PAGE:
• At one point a high-up official of Eckankar being groomed to replace Paul Twitchell.
  • Broke away from Eckankar, claiming he was given the role of "Master" by the non-physical masters themselves. This supposedly created quite a controversy in the ranks of Eckankar.
  • Appears in the Encyclopedia of Cults, Sects and New Religions.
  • A registered sex offender in the state of Arizona. You can even find Mugshots. I don't know if this is true or not.

This book is a confusing mixture of half-truths (such as discussing kundalini and the chakras) geared toward reverence to "The Master" (Mulvin), if necessary, breaking ties with friends and family.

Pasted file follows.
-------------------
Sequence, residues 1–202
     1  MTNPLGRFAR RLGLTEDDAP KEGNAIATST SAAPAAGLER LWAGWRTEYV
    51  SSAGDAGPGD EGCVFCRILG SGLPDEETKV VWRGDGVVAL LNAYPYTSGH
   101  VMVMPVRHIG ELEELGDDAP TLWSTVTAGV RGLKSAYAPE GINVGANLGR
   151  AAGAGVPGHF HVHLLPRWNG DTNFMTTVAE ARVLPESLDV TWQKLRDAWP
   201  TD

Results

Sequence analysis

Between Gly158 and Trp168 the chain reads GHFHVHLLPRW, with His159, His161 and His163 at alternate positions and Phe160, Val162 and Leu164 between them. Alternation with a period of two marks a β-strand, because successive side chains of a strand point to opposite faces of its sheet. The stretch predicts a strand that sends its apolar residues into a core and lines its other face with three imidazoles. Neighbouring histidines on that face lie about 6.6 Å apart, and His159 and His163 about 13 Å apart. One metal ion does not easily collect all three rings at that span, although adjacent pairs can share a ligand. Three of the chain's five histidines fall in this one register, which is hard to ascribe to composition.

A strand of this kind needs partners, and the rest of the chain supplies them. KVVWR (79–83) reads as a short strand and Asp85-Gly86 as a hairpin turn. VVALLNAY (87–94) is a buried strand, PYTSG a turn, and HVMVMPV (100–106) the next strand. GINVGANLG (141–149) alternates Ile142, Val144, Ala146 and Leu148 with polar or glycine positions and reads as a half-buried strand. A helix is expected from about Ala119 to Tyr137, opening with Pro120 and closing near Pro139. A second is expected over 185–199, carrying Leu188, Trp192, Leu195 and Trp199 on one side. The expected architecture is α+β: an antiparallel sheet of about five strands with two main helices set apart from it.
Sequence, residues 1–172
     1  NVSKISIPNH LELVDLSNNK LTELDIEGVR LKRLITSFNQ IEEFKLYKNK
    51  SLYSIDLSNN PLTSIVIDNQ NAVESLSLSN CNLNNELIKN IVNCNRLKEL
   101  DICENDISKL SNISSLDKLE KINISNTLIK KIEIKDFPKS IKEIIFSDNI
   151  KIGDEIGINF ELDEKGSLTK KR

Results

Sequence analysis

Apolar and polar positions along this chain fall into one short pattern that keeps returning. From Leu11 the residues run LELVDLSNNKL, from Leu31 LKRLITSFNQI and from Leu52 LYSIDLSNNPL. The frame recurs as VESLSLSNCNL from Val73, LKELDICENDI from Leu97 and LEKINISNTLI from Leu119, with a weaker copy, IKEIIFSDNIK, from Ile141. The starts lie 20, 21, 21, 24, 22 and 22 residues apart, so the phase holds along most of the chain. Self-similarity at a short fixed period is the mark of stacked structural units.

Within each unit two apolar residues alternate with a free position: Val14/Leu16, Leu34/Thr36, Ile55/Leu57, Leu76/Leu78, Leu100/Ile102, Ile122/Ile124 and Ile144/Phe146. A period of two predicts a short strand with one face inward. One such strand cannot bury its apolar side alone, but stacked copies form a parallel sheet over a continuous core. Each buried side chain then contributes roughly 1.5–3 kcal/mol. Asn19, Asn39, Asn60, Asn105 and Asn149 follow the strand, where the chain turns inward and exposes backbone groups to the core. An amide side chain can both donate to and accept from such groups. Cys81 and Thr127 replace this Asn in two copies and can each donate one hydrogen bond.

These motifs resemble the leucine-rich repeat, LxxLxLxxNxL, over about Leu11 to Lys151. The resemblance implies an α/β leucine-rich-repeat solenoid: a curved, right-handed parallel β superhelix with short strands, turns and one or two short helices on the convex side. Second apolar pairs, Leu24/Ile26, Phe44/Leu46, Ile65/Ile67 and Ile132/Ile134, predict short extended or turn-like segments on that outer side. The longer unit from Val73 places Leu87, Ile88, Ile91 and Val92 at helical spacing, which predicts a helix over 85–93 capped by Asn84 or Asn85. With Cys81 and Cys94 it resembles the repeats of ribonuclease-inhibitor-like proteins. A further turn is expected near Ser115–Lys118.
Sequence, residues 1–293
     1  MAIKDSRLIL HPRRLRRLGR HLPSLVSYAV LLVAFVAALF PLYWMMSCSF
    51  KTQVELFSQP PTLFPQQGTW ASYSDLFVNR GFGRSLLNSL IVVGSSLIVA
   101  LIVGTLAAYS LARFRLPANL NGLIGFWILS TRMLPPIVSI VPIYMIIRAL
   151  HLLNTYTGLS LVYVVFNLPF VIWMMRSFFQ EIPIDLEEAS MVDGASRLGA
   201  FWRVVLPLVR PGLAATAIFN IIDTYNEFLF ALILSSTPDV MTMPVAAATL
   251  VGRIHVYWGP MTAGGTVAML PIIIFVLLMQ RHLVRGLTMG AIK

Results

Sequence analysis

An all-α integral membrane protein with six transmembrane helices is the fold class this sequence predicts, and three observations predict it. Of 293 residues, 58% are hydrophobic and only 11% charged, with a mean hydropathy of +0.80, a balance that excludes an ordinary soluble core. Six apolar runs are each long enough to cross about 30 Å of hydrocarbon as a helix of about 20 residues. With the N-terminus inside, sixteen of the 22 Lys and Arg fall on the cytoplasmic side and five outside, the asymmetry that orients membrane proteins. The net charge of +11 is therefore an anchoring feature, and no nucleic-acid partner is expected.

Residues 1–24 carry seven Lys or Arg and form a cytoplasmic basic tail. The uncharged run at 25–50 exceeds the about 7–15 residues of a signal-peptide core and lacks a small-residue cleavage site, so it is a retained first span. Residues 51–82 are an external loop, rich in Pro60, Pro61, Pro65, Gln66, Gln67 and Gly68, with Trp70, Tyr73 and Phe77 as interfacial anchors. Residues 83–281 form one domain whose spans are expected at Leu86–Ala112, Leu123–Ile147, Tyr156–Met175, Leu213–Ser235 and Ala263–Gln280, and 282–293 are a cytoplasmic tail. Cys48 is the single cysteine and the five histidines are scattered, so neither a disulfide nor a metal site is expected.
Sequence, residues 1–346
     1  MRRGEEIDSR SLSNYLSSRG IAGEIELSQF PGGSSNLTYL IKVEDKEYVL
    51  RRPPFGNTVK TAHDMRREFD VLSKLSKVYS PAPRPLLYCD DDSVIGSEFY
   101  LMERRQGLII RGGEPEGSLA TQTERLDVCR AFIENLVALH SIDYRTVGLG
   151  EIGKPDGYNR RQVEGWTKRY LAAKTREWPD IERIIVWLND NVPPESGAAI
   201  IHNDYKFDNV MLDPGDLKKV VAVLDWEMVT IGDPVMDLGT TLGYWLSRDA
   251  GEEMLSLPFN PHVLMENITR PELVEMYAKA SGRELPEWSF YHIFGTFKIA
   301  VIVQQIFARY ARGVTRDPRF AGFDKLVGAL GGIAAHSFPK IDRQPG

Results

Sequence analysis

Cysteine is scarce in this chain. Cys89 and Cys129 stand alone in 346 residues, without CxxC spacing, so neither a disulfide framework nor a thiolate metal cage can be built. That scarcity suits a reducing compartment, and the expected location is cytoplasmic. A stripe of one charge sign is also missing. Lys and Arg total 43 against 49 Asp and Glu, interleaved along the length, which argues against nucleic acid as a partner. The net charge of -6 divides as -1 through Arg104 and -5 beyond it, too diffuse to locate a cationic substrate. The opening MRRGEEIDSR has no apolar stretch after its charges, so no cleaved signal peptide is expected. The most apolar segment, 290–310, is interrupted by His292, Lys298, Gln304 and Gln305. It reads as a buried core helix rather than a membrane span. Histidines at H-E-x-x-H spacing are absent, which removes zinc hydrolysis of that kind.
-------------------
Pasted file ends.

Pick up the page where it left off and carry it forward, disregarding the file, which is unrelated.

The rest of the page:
Make no mistake: This is a cult book written by a cult leader. Stay far far away from it.

Bob Peterson
22 January 2015

Tuesday, January 6, 2015

Turning Lucid Dreams into OBEs

Turning Lucid Dreams into OBEs

by Bob Peterson

Many people ask, "I can do lucid dreaming, but I can't do OBE, so how do you convert a lucid dream into an OBE?"

This topic recently came up in an email conversation I had with lucid dreaming expert Robert Waggoner. My response to his question was the basis of this article.

The difference between Lucid Dreams and OBEs is complex. So complex that I did a long-winded nearly two-hour presentation last year for INACS (Institute for Neuroscience and Consciousness Studies) in Austin, Texas. There are many things to consider, but the crux of the matter is this:

We leave our bodies every night during sleep, but we are unaware because we're unconscious. How do I know this? I've seen it firsthand.

When we sleep, there are basically four out-of-body states, depending on whether you're (1) conscious or unconscious and whether you're (2) hallucinating or not. The four out-of-body states are: